Sveshnikov will be remembered primarily for his contributions to opening theory—in particular the Sveshnikov variation of the Sicilian, as the moves 1.e4 c5 2.Nf3 Nc6 3.d4 cxd4 4.Nxd4 Nf6 5.Nc3 e5 have become known in the English language. Before his contributions, it was known as the Lasker-Pelikan variation and, in fact, when Sveshnikov published his own monograph in 1988, it was modestly called The Sicilian Pelikan.

Sveshnikov on the naming: "Portisch once said to me with a touch of jealousy: 'You have managed to leave your name in chess!' What he had in mind was that by the end of the 20th-century, all the major discoveries in chess had already been made."

In Russian, this particular opening variation is known as the Cheliabynsk variation because another grandmaster from the same city largely contributed to it as well: Gennadi Timoshchenko, who employed it until 1980. In his writings, Sveshnikov always mentioned that Timoshchenko played an important role in the development of the variation. (Still, in an attempt to claim at least part of the fame, Timoshchenko published a book himself on the variation in 2016.)

Once condemned as "anti-positional" for weakening the d5-square, the line was famously used as early as 1910 by the second world champion, Emanuel Lasker, in his world championship match with Carl Schlechter, who played the non-critical 6.Nb3. It soon became known that 6.Ndb5 is best, after which 6...d6 7.Bg5! is the most popular move, fighting for control of the d5-square.

At age 12 in 1962, Sveshnikov himself first saw the variation in an opening book by GM Ludek Pachman, and he felt the author's brief analysis could be improved, as demonstrated when he used it in a training match with his friend Timoshchenko in 1965 and won the first game where he tried 5...e5.

Sveshnikov had mixed but reasonably good results with the opening as his colleagues both mocked and respected him. "In the 1976 USSR Championship no one ventured to play 1.e4 against me, and I regarded this as a moral victory," Sveshnikov wrote.

When asked to send his contribution to Garry Kasparov's book Revolution in the 1970s, Sveshnikov said that he didn't think the period after 1972 was one of a revolution in openings. He considered Louis Paulsen and Aron Nimzowitsch to be the two biggest individual contributors to openings, followed by Akiba Rubinstein and theoreticians of the Soviet Chess School: Mikhail Botvinnik, Isaac Boleslavsky, Semyon Furman, Efim Geller, and Lev Polugaevsky.

"[T]he main thing I have done in chess, as a successor to Paulsen and Nimzowitsch, is to create not some individual scheme, but an entire philosophy of the opening, a system of best moves at the start of the game. This is the real 'Sveshnikov System!' In my view, it can well be considered revolutionary. To think up a rule to which there are no exceptions is far more difficult than to find exceptions to the rules."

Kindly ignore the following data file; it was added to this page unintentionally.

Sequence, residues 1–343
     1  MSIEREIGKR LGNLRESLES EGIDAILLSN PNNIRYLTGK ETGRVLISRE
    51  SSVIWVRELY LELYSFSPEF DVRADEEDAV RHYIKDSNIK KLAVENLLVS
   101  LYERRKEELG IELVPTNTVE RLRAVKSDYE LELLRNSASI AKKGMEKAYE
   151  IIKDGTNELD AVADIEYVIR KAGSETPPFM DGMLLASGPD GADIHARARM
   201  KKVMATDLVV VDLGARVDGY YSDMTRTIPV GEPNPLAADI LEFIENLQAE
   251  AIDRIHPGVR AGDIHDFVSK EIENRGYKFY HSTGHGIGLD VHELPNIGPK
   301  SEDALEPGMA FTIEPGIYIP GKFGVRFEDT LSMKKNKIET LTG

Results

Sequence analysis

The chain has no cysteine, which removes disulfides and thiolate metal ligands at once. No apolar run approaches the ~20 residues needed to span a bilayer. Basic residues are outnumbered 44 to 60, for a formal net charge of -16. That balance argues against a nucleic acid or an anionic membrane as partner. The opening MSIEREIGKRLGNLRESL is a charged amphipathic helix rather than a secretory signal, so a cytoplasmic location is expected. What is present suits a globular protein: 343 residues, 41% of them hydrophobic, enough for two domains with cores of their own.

It was in 2012 when Sveshnikov’s variation got the theoretical status of fully correct and good for equality when it was used at the highest level by GM Boris Gelfand as his main weapon against Anand's 1.e4 in their world championship match. Six years later, reigning World Champion Magnus Carlsen played the opening as well and faced 7.Nd5 instead from GM Fabiano Caruana

Caruana Carlsen 2018 Sveshnikov
Caruana-Carlsen, 2018, game eight was a Sveshnikov. Photo: Maria Emelianova/Chess.com. 

In later years, Sveshnikov preferred to play the move ....e5 one move earlier, as in the Kalashnikov variation: 1.e4 c5 2.Nf3 Nc6 3.d4 cxd4 4.Nxd4 e5. About that switch, he wrote:

"By publishing a monograph on the 5...e5 system in 1988, I practically exhausted this variation. Since that time only some details have been developed, without introducing anything particularly new: the evaluations of the main lines have hardly changed. I described everything in such detail, that it became hard playing 5...e5 even against first category players.... I have now played more games with the 4...e5 variation than with 5...e5. And a book on this topic would be twice as thick."

After 1.e4 c5 2.Nf3 Nc6, Sveshnikov himself considered 3.Bb5, the Rossolimo System, to be the best move. This followed his own set of opening principles, which he formulated as follows:

When playing White: